CIMG0231_smallLeaving Dalat in the afternoon. Nice long descent between dark clouds to the left and to the right. Bolts strike a few miles ahead. Hiding from the thunderstorm in a Bamboo Cafe with nice outlook over the lake and the distant mountains. Despite the forecasted 50 downhill miles, I fight steep ups and downs for the first 15 miles over really bumpy roads on the following day, on the shortcut towards the N1 and Mui Ne. Then I reach the last peak of the plateau, and get a splendid view over the plains below me. As well as I get my long downhill ride, reaching the N1 by noon. The remaining 35 miles to Mui Ne are a battle with face winds, soft acscends and my fading will in the burning sun. The landscape looks like a dessert, few bushes only cover the endless sand dunes. Halfway, there is a beautiful dark blue lake between the narrow road and a giant white dune behind, surrounded by palms and vegetable gardens. The villagers at the coffee shop welcome me with "Give me dollar", and I right away feel teleported to Africa. I honestly hope the Vietnamese who won the war against America, who defeated Pol Pot in Cambodia etc etc. will soon find their pride again instead of begging tourist Dollars.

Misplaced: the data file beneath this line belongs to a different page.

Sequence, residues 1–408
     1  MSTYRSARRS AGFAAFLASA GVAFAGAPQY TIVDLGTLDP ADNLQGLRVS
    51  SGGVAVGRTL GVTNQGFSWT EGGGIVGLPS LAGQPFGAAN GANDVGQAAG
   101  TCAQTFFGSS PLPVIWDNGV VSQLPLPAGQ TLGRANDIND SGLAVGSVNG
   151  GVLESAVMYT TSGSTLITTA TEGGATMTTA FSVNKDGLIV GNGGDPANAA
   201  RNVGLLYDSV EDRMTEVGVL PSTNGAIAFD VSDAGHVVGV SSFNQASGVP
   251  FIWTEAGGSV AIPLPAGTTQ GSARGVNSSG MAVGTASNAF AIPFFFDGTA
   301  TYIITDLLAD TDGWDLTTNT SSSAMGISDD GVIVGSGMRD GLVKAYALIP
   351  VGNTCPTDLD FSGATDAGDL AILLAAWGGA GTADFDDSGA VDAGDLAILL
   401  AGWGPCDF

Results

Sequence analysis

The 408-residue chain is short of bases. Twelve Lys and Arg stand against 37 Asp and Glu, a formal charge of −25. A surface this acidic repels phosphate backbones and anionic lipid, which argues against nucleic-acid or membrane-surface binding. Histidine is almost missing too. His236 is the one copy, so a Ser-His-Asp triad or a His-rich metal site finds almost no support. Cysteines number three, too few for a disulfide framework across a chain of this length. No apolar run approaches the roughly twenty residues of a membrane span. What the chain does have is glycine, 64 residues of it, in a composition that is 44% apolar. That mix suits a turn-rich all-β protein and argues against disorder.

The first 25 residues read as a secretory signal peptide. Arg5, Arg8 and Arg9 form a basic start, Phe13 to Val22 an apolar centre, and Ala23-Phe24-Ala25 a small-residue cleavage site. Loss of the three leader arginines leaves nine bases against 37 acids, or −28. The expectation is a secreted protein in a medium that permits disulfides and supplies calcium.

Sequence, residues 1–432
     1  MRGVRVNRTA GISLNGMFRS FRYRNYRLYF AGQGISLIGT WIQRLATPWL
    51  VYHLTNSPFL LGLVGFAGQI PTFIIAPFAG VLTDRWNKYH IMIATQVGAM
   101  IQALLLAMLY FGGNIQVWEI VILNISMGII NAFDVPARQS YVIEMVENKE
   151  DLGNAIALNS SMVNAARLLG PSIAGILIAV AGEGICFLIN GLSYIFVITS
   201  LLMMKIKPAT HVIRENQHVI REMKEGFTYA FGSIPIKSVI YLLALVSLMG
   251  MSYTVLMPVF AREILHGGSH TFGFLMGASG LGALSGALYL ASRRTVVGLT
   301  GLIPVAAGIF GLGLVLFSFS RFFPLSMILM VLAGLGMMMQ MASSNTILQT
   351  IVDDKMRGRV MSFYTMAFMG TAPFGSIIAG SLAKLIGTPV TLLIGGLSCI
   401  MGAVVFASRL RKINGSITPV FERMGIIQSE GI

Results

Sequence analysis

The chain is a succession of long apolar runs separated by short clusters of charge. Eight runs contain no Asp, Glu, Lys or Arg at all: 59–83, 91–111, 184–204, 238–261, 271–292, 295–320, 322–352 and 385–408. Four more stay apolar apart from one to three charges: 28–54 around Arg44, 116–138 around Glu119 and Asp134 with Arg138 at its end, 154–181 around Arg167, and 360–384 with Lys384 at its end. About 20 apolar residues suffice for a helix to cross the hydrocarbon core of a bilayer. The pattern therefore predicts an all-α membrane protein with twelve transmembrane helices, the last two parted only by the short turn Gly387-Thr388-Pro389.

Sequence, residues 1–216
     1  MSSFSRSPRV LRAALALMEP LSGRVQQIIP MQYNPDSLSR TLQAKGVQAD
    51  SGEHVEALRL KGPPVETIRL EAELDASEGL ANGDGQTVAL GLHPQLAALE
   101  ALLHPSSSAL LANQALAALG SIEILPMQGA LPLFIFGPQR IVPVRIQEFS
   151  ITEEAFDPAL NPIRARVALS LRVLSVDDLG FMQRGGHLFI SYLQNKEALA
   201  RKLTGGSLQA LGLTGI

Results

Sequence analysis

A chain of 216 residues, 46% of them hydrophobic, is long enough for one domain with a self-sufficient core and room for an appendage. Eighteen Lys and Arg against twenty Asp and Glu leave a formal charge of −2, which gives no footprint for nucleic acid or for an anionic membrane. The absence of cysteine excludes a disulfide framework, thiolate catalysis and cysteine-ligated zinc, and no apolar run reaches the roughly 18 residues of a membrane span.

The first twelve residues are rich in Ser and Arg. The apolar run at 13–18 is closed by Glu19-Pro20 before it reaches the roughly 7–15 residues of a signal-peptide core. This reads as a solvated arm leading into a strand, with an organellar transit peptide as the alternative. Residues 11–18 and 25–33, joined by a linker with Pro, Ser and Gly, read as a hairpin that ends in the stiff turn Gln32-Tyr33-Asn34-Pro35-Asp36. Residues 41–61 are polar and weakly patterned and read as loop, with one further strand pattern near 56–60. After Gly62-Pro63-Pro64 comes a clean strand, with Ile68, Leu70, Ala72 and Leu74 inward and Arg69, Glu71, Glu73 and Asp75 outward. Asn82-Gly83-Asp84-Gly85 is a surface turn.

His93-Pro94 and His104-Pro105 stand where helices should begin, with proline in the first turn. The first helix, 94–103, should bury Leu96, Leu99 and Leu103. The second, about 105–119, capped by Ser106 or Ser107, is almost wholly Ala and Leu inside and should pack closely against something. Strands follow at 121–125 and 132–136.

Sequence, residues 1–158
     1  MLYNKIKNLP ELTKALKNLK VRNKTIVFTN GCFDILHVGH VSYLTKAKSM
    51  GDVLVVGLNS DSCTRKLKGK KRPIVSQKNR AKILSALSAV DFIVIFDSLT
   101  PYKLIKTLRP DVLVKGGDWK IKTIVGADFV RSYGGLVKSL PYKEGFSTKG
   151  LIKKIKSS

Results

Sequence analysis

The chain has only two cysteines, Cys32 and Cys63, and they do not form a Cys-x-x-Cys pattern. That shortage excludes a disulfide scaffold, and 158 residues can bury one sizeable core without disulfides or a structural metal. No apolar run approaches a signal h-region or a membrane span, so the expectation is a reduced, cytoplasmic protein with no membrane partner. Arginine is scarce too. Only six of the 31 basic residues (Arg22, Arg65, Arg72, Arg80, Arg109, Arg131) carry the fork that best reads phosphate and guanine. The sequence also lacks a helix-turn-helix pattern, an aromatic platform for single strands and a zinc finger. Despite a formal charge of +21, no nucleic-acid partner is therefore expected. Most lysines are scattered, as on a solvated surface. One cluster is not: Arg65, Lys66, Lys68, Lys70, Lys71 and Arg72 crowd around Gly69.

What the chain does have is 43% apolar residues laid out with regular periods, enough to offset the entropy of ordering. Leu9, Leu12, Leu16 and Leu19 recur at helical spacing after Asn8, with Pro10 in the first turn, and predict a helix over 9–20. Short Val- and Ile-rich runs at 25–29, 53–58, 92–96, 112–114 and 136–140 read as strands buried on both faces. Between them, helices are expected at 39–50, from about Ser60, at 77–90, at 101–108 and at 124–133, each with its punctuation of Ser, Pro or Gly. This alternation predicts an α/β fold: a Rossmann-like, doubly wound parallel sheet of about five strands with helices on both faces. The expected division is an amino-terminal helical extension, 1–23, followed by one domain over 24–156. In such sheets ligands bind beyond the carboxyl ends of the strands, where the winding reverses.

CIMG0299_smallMui Ne used to be a minor fisher town until a solar eclipse a decade ago brought the tourist boom to the peninsula. Nowadays a long strip of resorts, restaurants and bars along the shore indicates good tourist business. For me, it feels as little appealling as the tourist beaches on Koh Chang or Shianoukville, yet it was a great time. I spoiled myself with a nice beachfront bungalow with lousy breakfeast for 20 USD, and spend my days with Yoga on the beach, beers and fun Urs and Bat, and finally dancing again to Iggy Pop, Doors and Prodigy.

Activities like Jeep cruising in the Red and White Dunes are offered, which I don't appreciate for its ecological impact. Furthermore, Kite- and Wind Surfing schools are in place, and the nearby Cham temple ruin is a great spot for sunset.

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